There are times, actually many times, when I do not feel capable of doing what I’m called to do. I look at the day’s schedule of counseling and other commitments and say, “No, God, I can’t.” But as soon as I’ve brought him into the conversation, something changes.

The first thing that changes is that I realize that God agrees with me! It’s true. On my own I really am unable. But God has provided all I need to get through this day with the results that he desires. Right now I’m looking at my calendar and thinking “impossible.” I will sit with people who are suffering with difficult and painful situations. And then I’ll go home to house-related chores, relational loose ends, and decisions that need to be made. God, what have you provided for this day?

He’s provided this realistic view of myself.

Feeling unable is exactly where I need to be. That little conversation that just occurred between God and me actually set me up for a good day of counseling. If I had a self-centered “can-do” attitude that relied solely on my skill, knowledge, and energy, it would only serve to feed my pride and give me an air of superiority. What I need is a rock solid faith that God is able to do whatever he chooses, and today he may even accomplish something good through the likes of me.

He’s provided the book that reminds me.

God’s Word is available to me whenever I am smart enough to open it. It’s also become a part of me, so that I can refer to the wisdom and encouragement it contains simply by remembering what I’ve learned.

He’s provided the relationship that sustains me.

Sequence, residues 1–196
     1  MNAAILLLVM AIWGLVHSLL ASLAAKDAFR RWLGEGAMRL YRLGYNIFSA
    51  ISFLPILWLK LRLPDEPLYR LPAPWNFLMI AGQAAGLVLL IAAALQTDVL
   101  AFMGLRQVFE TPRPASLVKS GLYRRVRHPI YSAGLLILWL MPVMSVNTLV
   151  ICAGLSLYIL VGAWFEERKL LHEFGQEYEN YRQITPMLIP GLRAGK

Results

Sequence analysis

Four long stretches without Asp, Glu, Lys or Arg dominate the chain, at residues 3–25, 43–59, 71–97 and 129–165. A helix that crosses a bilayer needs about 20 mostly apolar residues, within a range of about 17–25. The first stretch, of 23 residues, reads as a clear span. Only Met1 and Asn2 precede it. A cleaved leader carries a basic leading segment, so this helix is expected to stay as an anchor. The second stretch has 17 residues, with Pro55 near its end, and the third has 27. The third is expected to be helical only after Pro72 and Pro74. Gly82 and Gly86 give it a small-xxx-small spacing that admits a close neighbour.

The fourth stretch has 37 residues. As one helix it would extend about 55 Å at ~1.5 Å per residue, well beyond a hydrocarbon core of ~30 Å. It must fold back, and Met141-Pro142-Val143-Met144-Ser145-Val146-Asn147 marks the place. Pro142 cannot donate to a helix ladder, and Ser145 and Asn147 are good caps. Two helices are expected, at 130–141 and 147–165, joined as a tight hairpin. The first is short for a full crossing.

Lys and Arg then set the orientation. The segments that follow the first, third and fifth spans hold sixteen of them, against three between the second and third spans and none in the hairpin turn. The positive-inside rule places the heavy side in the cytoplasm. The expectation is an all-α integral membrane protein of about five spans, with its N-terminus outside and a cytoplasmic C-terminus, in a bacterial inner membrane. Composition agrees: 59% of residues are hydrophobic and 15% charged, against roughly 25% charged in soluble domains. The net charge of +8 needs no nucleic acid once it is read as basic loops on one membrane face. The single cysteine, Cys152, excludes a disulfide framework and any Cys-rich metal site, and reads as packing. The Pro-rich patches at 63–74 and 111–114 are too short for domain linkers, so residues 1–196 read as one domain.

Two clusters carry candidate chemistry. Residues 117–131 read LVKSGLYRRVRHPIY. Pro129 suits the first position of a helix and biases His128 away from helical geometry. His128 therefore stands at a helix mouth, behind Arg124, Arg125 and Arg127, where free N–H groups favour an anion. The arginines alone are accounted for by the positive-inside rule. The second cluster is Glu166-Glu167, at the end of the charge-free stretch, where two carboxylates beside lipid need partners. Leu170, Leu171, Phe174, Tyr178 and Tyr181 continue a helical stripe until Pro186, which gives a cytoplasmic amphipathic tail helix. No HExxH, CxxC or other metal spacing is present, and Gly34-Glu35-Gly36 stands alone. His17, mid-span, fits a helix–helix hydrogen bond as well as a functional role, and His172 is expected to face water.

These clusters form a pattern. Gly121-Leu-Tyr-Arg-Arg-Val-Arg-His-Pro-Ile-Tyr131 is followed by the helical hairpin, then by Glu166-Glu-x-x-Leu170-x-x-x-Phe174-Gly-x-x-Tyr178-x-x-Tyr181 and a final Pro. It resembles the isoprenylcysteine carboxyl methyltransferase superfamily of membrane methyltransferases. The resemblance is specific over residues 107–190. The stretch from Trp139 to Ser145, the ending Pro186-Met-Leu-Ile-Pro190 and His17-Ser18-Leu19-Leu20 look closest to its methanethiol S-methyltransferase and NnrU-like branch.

The Bible is not simply a book of wisdom and encouragement. It is a doorway to personally knowing the God who gives me breath. My desire to live with a continual awareness of his presence is key to having a mindset of “I can’t, but he can.”

Is that enough? Many Christians would say yes, it is. But I think I’d have to disagree. You see, we’re not created as independently capable creatures. “It is not good for the man to be alone” refers to every one of us. Describing us collectively as “the body of Christ” means that we need to be connected and dependent on each other. So, there is something else that God provides.

He’s provided other people… and sock puppets.

Perhaps I need to explain that. At the 2013 CCEF National Conference, during a very light moment, our emcee, Winston Smith, asked a game show question.

Which would you most likely do when you are alone?

a) waltz around the room with the vacuum,

b) slide across the wood floor in stocking feet, or

c) stand on the coffee table with a sock puppet and pretend to be Ed Welch.

The audience was asked to text their answer. I don’t remember which one got the most votes, but I do remember how much trouble I had answering the question. The first two were no brainers—I do those all the time. But I actually pretend to be Ed a lot, too. Okay, not with a sock puppet and not standing on a table, but still, I do try to emulate Ed Welch in my counseling on a regular basis. Does that sound weird? It shouldn’t.

The Bible instructs us to imitate those who are living and working in the ways of Christ (1 Cor. 4:16, 11:1; 2 Thess. 3:7, 3:9; Heb. 6:12, 13:7; 3 John 1:11) and Ed is one of those people. God has also provided me with a church and family and friends to choose examples from as well. As I watch them all live and grow, and desire to be as effective in ministry as they are, I am consciously choosing to imitate them.

I am not alone as I face this day, and I am so very thankful for that.